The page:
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Namibia may be the aridest African country south of the Sahara, but it is home to an impressive diversity of species and ecosystems, from parched coastal deserts to subtropical wetlands and savannas, as well as 1,500 kilometres of coastline and some of the richest coastal seas in the world. 

It is also the country with the second lowest population density in the world (after Mongolia), meaning relatively low human impact on the environment and large swathes of wide-open, pristine landscapes. 

Populations of Black Rhino, Elephant, Oryx, Springbok and Kudu, as well as rare and endemic species like the Hartmann’s Zebra and Black-Face Impala, have increased in many parts of Namibia over the last 30 years.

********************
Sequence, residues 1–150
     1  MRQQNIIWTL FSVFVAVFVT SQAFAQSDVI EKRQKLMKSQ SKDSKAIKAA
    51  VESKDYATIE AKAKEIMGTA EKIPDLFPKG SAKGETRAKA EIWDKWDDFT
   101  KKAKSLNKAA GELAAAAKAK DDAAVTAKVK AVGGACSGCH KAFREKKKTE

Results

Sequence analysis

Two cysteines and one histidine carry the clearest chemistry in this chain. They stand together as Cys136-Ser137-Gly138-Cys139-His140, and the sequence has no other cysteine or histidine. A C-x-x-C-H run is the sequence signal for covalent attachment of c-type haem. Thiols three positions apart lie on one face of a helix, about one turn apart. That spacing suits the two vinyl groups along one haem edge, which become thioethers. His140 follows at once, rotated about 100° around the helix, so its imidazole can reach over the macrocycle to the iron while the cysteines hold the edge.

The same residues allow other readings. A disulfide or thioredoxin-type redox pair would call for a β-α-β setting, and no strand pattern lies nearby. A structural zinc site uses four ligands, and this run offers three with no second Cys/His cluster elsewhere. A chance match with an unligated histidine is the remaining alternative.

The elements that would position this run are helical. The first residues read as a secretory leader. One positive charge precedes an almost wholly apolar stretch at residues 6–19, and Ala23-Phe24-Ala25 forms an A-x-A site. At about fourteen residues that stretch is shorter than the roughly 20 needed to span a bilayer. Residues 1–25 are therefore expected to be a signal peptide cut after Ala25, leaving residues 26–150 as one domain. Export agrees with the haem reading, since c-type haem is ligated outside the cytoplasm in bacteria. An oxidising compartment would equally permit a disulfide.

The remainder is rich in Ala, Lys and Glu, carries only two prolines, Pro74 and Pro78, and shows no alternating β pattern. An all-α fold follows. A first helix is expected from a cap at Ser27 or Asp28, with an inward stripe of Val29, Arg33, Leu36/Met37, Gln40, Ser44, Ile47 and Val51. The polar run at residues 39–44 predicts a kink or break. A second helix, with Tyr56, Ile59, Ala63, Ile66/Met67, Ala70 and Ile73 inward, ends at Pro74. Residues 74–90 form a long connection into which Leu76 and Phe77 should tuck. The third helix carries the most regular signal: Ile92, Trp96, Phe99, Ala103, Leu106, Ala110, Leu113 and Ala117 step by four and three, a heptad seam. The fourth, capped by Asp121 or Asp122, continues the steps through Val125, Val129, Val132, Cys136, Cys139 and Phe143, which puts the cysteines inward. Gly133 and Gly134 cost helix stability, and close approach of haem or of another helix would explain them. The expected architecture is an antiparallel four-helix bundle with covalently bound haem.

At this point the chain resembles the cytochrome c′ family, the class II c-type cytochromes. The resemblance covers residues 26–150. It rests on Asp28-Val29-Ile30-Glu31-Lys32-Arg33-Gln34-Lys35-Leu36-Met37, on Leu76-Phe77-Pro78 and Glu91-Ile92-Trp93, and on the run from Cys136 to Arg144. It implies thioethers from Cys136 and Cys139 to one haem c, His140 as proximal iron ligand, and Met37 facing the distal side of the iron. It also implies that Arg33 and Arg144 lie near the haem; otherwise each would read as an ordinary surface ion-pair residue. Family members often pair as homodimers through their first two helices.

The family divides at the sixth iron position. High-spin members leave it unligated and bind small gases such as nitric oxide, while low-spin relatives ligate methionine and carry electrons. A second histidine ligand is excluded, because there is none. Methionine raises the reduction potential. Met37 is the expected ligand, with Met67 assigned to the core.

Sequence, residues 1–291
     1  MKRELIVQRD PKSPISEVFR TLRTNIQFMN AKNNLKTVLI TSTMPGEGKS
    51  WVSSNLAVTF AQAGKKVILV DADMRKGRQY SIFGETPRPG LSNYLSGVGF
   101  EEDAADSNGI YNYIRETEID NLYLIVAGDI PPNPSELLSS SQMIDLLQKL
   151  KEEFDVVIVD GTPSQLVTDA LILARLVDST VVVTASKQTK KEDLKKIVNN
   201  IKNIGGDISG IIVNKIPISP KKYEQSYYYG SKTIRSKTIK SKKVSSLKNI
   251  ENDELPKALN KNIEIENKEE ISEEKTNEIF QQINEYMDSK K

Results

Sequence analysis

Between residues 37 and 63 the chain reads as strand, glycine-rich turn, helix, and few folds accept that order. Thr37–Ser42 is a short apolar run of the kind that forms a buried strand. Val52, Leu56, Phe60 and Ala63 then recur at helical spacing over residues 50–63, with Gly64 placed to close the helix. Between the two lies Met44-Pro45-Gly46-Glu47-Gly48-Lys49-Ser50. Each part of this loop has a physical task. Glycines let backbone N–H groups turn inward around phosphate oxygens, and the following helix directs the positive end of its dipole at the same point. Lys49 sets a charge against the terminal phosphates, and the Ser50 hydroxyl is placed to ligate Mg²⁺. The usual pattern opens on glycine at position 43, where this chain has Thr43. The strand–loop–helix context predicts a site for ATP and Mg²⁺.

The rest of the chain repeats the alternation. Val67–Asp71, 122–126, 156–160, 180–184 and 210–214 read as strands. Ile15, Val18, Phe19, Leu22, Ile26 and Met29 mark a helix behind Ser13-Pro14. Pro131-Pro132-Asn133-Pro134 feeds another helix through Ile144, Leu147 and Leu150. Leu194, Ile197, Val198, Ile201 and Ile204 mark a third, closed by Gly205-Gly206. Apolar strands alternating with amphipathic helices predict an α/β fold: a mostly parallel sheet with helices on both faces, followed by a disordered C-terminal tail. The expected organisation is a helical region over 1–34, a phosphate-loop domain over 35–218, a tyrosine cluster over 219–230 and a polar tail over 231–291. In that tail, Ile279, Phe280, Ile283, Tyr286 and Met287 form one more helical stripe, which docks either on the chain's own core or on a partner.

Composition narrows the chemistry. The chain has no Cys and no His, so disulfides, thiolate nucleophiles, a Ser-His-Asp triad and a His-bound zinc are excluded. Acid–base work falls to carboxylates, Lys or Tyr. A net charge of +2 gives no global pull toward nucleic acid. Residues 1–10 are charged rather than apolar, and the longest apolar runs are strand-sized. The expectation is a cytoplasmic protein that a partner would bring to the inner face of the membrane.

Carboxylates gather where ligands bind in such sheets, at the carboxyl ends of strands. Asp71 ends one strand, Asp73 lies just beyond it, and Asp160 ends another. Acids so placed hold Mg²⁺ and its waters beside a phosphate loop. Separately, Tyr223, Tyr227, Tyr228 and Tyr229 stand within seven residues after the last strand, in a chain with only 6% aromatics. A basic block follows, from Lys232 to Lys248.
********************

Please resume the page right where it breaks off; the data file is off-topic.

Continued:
While most people come to Namibia to see the Big 5, it is also an excellent birding and fieldherping destination–particularly the Namib Desert (the only arid biodiversity hotspot in the world).